Understanding your energy bill
24th January 2020
When it comes to reading your energy bill, you’re probably one of two people: a skimmer or a reader.
If you’re a skimmer, you want the basic information displayed in a format that is quickly and easily understandable (how much do I owe and when?). Readers, on the other hand, want all the details – an understanding of each element that went into making up the current month’s charges.
We’ve compiled a handy guide to help you understand your energy bill, regardless of whether you want to jump to the important bits or delve into the nitty-gritty.
Just the highlights, please
The phone is ringing, work is piling up and the energy bill has just landed on your desk. What are the key pieces of information you should be reading?
1. Invoice type and period
Quickly skim this section to understand whether the bill is for electricity or gas, and which date range is included.
2. Total amount to pay
This is the amount you owe, after any credits or past payments have been received. You should also be able to see when the payment will be taken from your account if you pay by direct debit.
3. Your recent usage
You can quickly spot check how your energy usage compares to previous months by reviewing your consumption graph. To make this section as useful as possible, remember to submit periodic meter readings if you don’t have a smart meter.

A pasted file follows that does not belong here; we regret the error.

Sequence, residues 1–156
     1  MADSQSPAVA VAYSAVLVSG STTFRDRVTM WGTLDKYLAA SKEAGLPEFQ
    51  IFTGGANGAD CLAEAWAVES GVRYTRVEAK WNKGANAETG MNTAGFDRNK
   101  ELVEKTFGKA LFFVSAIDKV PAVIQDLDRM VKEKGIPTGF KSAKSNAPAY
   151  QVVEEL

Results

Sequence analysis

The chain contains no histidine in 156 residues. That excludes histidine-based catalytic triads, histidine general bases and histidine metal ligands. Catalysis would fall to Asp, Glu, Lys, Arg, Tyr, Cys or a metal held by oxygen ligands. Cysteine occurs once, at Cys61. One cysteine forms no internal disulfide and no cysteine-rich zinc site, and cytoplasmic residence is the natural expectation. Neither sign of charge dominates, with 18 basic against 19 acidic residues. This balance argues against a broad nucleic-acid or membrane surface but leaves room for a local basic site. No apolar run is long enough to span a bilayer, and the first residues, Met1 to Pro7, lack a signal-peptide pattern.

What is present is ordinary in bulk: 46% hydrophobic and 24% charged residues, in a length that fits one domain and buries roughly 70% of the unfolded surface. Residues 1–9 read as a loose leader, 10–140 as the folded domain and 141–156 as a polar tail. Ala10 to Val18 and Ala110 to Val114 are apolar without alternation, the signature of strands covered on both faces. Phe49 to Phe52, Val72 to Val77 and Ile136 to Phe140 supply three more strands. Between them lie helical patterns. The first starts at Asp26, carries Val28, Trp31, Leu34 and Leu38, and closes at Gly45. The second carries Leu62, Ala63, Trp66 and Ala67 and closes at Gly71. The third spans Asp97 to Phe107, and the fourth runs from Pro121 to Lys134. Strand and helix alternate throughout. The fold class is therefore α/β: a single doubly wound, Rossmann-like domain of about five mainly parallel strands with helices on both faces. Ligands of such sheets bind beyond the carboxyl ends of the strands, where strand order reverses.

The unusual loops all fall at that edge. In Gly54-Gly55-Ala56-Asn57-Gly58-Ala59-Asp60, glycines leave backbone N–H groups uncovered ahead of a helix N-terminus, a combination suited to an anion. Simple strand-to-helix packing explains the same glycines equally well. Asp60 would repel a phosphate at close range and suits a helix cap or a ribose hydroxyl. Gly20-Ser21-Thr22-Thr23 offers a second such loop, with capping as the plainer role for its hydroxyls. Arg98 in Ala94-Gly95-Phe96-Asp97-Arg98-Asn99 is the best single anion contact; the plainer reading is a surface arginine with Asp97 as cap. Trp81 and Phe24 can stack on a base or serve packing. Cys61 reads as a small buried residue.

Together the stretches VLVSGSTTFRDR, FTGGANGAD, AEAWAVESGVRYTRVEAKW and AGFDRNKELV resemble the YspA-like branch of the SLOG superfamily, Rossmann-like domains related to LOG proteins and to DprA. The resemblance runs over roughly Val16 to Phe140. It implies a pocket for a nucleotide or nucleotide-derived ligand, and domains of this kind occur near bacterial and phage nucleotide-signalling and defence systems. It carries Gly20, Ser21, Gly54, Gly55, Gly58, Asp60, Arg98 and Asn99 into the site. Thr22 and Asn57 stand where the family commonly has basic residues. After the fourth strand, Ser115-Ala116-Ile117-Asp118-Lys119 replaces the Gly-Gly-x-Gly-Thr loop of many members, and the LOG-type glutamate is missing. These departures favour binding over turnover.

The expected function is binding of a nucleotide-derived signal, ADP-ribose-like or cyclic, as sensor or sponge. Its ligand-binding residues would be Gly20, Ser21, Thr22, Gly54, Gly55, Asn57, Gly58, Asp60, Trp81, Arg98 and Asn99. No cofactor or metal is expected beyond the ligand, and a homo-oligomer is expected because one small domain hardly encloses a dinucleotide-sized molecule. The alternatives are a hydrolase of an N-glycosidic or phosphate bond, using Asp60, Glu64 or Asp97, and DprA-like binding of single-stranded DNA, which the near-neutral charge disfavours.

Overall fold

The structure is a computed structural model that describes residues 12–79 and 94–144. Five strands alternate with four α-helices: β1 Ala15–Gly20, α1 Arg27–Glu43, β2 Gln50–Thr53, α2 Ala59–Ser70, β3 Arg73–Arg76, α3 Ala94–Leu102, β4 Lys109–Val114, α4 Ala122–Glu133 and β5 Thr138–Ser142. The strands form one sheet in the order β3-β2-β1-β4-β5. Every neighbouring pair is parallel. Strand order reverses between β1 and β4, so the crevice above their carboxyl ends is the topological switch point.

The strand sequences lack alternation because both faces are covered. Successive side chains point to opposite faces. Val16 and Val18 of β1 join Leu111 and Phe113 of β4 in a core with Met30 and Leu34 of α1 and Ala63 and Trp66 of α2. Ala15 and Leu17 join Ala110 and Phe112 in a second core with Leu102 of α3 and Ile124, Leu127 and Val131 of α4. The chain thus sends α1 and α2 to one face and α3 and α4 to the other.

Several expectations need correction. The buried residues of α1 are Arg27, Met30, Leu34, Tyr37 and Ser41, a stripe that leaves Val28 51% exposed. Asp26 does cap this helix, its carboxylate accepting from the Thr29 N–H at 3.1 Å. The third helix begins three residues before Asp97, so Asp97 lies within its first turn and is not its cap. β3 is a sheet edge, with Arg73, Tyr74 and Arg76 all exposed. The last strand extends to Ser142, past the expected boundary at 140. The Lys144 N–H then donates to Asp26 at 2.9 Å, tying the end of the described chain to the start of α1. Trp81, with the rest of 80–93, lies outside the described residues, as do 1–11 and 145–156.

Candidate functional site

Dive into the details
Your bill breakdown section will show you exactly what energy usage amounts and costs were used to calculate your bill.
You should see a start and end meter reading for each register of your meter, as well as an indication of whether this is an actual meter reading or an estimate.
If you have more than one meter at your site, you will see multiple meter readings.
There are several different types of charges you can expect to see listed out on your bill:
- Energy costs – you can see exactly how much you are being charged per kWh for both your gas and electricity consumption
- Standing charge – this is the fixed cost of providing energy to your business. It covers things like meter readers, maintenance and some government initiatives. Standing charge is typically charged at a price per day.
- Other charges – a large portion of your energy bill is made up of other charges, collectively known in the energy industry as non-commodity charges. These costs are typically set by third parties like government agencies such as DECC and Ofgem, National Grid or the distribution network, and your supplier is responsible for collecting these costs from you.
3. Contract details
Your supplier will include information on your contract end date and your relevant date. Your relevant date is the latest date you can request to terminate your contract when the fixed term period ends. You can still terminate after the relevant date, but your termination date may be adjusted past the contract end date.
If you have any questions about your energy bill or your energy consumption, you should get in touch with your supplier. They should be able to answer your questions and resolve any inaccuracies. They may also be able to help you understand if your energy consumption is higher than would be expected.
Above all, making sure you provide your supplier with regular meter readings is the best way to keep your bills accurate. You can submit readings online, via email or by phone. If submitting meter readings is a hassle, contact your supplier to request a smart meter.
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